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In EU First, Netherlands to Trial Recreational Cannabis Cultivation

Dutch ministers have outlined plans to regulate cannabis cultivation in certain parts of the Netherlands for a trial period.

In a letter to the Dutch Parliament published on 9 March, two senior ministers – justice minister, Ferdinand Grapperhaus, and medical care minister, Bruno Bruins – outlined plans to allow the legal cultivation of cannabis for recreational purposes in several municipalities for four years. The document outlines that a specially-appointed commission will consider how the cultivation should be carried out and overseen, and report back to the government by the end of May. Following this, Grapperhaus and Bruins will decide how the scheme should be implemented, and select 10 municipalities in the country in which it will be trialled.

No municipalities will be required to trial the scheme, but several local leaders have already expressed interest. The mayor of Rotterdam is among dozens of local authority leaders who have asked for their area to take part in the trials, Dutch News reports.

The ministers’ letter denotes that the trial will take place in three phases:

  1. Ministers will designate up to 10 municipalities which may legally regulate cannabis cultivation.
  2. Cannabis cultivation will begin in the designated areas, with the produce being delivered to cannabis coffeeshops. Only coffeeshops within the designated areas will be able to receive and sell the legally produced cannabis.
  3. After four years, the trial period will be discontinued over a period of six months, and an assessment of its success will take place.

Contrary to common belief, the cultivation and distribution of recreational cannabis are not legal in the Netherlands. The sale of small quantities of cannabis in coffeeshops around the country is tolerated, and such businesses are permitted to store up to 500 grams of the drug at any one time. Individuals who use the drug are also unlikely to face criminalisation, as policy guidelines instruct that no one should be prosecuted for possessing up to five grams of cannabis for personal use, and adults may grow up to five plants in their home.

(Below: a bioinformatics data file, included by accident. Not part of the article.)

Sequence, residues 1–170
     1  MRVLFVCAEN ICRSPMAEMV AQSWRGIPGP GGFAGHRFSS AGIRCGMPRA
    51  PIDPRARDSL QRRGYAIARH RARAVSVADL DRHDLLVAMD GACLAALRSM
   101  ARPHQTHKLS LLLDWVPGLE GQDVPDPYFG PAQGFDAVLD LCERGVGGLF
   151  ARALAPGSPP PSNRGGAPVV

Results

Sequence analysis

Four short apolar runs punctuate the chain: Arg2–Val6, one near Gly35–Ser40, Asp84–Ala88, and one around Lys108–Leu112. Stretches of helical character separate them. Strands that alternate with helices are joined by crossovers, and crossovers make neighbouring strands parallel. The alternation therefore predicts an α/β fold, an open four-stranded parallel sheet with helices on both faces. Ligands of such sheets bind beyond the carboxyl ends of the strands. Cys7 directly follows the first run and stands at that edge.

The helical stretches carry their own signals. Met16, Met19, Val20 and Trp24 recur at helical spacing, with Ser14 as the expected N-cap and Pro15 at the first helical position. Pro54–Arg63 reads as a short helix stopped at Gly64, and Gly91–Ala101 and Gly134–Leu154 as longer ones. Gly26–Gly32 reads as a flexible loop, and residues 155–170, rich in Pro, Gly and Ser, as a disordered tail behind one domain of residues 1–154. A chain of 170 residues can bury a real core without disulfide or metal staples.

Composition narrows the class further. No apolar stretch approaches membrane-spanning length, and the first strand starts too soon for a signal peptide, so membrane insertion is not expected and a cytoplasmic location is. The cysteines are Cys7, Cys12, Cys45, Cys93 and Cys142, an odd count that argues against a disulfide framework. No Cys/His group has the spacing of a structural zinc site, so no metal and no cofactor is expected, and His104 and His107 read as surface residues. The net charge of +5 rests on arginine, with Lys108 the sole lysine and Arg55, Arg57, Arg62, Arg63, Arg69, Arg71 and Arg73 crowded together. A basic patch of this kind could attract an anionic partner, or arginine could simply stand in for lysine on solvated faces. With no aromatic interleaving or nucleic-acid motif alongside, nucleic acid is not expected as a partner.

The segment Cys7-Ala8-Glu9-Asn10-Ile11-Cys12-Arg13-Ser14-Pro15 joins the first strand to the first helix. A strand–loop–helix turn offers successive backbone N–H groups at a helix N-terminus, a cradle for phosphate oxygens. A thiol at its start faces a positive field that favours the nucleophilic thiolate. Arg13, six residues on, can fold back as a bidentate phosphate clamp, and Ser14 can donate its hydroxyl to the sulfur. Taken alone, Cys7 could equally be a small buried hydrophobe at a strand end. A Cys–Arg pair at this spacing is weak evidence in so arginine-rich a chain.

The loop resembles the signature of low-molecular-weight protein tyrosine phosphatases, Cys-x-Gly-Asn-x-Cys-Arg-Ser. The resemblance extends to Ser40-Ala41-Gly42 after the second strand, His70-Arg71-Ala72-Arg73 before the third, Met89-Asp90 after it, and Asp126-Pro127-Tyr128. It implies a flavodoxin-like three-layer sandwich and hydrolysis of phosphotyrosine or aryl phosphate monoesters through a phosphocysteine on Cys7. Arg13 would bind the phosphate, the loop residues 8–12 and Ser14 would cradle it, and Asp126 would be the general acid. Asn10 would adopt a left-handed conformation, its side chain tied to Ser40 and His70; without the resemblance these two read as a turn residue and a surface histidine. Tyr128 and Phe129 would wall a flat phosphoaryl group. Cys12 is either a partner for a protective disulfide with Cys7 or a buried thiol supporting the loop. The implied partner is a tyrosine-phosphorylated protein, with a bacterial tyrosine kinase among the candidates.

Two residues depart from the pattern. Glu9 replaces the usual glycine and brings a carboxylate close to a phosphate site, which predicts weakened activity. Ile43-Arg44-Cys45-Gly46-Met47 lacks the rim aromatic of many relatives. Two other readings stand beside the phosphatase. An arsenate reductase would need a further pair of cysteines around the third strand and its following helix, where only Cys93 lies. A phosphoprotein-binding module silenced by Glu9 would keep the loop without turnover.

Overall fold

Nonetheless, coffeeshops’ cannabis stock is entirely supplied by the unregulated illegal market, meaning that it lacks the oversight, quality control, and other regulations that legal substances have. In some parts of the Netherlands, the continued prohibition of large-scale cannabis cultivation has been linked to violence and other elements of organised crime. As TalkingDrugs has reported, several attacks on coffeeshops have taken place in recent years.

The upcoming Dutch trial aims to alleviate the harms of cannabis prohibition in the country by creating a “closed coffeeshop chain”, whereby every aspect of recreational cannabis – from cultivation, to transportation, to sale – is strictly regulated. In the letter, ministers noted that the establishment of such a regulated regime was not aimed at creating a commercial cannabis trade, but rather for “the protection of human rights”.

If the trial goes ahead as planned, the Netherlands will be the first country in Europe – and outside of the Americas – to introduce a legally regulated supply chain for recreational cannabis.

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